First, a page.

“Since arriving at Cincinnati Opera in 1997, Muni has met his goals of producing contemporary stagings and expanding the company’s repertoire with great success. Some thought Muni had pushed the artistic envelope too far – but many in the audience recognized that this double bill was a shining achievement in production. As conceived and directed by Muni, both productions were scenically spectacular. Designer Dany Lyne set The Emperor of Atlantis in a ruin-strewn post-apocalyptic world almost destroyed by war. Suspended twenty feet above the ruins was a large, colorful, rectangular room, the solitary office of the Emperor of Atlantis. The Emperor communicated with the folk via a huge suspended media screen that broadcast totalitarian government propaganda with the Loudspeaker and the Drummer Girl (War) as official spokespersons. On matching black thrones on either side of the stage, Death (an old warrior dressed all in white) and Life (Harlekin, dressed as a clown, also all in white) commented on the action, descending to participate. For The Maids, the ruins remained, sans supers, but the Emperor’s office was now redecorated as an elegant bathroom, potently symbolic of the duality of filth and cleanliness inherent in the plot. Based on Jean Genet’s play, Les Bonnes, The Maids is a psychological thriller based on a brutal 1933 murder committed by a pair of crazed domestic servants, the Papin sisters, that occupies in the same place in French true-crime horror stories as that of Lizzie Borden in American folklore.”
- Charles Parsons, Opera News (October, 2004)

“Nicholas Muni’s Double Bill, The Emperor of Atlantis and The Maids, shocked, surprised, disturbed and ultimately gripped the Cincinnati Opera audience Thursday night in Music Hall. No doubt the avant-garde production, which included a moment of full frontal nudity, will inspire controversy. Yet it was an artistic coup for the company’s artistic director Muni, whose reputation for pushing boundaries reached a new apex in this bold, provocative production…an extraordinary evening of high drama. The audience was thrust into Muni’s futuristic setting for Viktor Ullmann’s The Emperor of Atlantis before the opera began. A Brave New World-style news broadcast, dated June 24, 2015, beamed out mindless propaganda non-stop on a huge plasma screen. After intermission, Peter Bengtson’s The Maids, in its North American premiere, was positively chilling. It was Hitchcock meets Arnold Schoenberg. The psychological thriller opened with a video – Madame in bed with her lover, while a maid scrubbed the floor. The lush, post-romantic overture set the film-noir tone wonderfully. Instead of a bedroom, Muni’s concept was a clinical bathroom, where Claire – role-playing as Madame – was luxuriating in the tub. The acting was seamless with the music.”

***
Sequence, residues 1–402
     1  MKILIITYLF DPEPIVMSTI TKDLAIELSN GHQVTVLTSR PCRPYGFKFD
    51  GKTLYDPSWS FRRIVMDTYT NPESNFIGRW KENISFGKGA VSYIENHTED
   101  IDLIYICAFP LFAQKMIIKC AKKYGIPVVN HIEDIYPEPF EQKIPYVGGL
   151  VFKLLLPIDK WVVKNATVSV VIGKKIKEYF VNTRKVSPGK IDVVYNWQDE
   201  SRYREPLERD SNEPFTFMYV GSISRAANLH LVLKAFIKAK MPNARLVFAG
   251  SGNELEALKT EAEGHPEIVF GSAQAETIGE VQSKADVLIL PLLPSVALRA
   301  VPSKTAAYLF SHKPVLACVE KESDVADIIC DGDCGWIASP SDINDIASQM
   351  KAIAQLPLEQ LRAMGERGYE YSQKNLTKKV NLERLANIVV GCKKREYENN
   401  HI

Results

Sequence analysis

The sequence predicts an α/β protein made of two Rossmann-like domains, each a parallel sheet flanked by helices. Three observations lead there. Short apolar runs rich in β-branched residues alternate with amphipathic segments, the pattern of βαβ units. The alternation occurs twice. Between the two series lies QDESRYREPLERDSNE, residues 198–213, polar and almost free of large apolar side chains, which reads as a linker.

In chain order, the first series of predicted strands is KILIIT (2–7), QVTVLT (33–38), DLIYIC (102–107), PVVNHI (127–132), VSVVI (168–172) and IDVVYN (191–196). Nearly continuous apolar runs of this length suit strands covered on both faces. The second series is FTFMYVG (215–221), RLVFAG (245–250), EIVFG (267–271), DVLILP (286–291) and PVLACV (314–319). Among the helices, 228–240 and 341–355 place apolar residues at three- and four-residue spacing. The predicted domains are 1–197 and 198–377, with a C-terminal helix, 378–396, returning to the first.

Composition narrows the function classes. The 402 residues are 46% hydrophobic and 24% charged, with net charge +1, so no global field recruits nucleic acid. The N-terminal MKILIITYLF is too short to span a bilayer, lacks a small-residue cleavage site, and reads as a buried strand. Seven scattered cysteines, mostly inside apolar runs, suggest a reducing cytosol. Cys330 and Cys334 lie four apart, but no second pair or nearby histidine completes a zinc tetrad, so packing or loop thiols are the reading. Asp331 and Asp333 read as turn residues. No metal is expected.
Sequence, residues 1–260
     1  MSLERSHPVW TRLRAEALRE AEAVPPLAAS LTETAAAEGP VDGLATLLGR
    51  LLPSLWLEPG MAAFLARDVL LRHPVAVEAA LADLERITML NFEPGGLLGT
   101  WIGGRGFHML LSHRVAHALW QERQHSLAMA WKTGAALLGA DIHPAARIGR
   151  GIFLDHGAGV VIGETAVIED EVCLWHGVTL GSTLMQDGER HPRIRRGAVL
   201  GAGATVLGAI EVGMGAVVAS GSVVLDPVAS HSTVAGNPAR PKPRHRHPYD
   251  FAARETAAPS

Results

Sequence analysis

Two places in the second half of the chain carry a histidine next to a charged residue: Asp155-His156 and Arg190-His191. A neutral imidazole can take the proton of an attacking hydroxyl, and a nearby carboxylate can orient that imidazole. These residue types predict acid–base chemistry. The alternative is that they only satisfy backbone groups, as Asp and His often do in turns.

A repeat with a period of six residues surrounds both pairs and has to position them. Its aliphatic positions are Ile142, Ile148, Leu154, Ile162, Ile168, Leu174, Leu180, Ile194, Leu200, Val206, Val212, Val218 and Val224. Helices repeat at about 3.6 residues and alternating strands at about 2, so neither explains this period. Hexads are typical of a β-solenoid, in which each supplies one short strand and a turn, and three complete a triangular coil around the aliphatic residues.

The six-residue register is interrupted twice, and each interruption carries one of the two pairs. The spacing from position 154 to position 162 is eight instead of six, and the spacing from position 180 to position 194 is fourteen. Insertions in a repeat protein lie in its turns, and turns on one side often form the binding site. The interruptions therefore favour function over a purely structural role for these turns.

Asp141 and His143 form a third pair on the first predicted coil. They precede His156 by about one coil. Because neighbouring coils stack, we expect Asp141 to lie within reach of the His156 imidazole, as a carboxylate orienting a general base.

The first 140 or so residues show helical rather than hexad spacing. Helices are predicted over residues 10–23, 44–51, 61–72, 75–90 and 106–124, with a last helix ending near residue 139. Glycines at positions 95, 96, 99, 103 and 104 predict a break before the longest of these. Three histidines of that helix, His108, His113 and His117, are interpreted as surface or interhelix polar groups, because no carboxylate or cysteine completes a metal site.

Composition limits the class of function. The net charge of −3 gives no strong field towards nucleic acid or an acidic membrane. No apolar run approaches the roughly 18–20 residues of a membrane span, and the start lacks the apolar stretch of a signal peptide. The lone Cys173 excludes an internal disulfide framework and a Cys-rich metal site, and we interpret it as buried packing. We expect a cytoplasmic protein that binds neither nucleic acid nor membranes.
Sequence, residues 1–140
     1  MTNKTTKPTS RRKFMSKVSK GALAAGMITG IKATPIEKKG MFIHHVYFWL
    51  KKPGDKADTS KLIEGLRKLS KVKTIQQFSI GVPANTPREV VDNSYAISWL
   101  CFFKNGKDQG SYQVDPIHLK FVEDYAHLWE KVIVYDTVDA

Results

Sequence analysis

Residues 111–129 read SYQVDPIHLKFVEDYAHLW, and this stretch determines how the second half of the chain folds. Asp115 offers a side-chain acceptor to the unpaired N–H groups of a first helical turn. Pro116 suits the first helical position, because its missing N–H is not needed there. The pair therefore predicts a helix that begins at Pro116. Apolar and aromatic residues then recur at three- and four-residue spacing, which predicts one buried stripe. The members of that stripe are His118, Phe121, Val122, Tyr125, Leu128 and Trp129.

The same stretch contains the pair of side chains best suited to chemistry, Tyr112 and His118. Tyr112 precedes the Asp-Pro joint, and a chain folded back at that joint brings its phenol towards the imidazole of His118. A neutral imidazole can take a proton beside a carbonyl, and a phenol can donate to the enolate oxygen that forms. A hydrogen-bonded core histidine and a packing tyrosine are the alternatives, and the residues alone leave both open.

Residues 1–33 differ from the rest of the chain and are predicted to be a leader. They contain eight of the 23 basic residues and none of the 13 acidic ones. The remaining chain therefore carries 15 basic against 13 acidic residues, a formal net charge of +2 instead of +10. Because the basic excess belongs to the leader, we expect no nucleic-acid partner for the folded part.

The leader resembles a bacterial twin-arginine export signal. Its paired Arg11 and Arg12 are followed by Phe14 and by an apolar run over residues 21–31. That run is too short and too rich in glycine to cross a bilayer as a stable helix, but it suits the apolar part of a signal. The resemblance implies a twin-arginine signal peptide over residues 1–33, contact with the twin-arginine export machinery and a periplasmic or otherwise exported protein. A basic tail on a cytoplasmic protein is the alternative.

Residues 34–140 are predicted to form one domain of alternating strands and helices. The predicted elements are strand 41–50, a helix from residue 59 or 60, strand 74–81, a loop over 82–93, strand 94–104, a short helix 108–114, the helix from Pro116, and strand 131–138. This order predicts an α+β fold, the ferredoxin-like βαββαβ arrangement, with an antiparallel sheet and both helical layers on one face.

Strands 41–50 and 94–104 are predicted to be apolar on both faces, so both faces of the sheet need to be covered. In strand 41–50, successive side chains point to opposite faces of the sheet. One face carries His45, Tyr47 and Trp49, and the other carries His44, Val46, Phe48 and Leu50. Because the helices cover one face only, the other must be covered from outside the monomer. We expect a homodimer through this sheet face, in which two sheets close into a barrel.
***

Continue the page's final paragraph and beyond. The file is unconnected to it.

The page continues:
Janelle Gelfand, The Cincinnati Enquirer (June, 2004)

“Cincinnati Opera’s Summer Festival season has mounted a stunning double-bill production of two remarkable operas … Both stage director Muni and maestro (Patrick) Summers worked their powerful magic, making the evening a particularly potent operatic experience and a triumph for Cincinnati Opera.”
John Koopman, Madrid Scherzo (August, 2004)

“Directed by artistic director Nicholas Muni, Cincinnati Opera’s venturesome double bill paired a political allegory and an intimate psychodrama. His pacing and crafting of suspense took the breath away. They shared the same production, an ingenious one…”The Emperor” has considerable visual appeal. Both operas were gripping and reinforce the excellence and innovation for which Cincinnati Opera is becoming known.”
Mary Ellyn Hutton, The Cincinnati Post (June, 2004)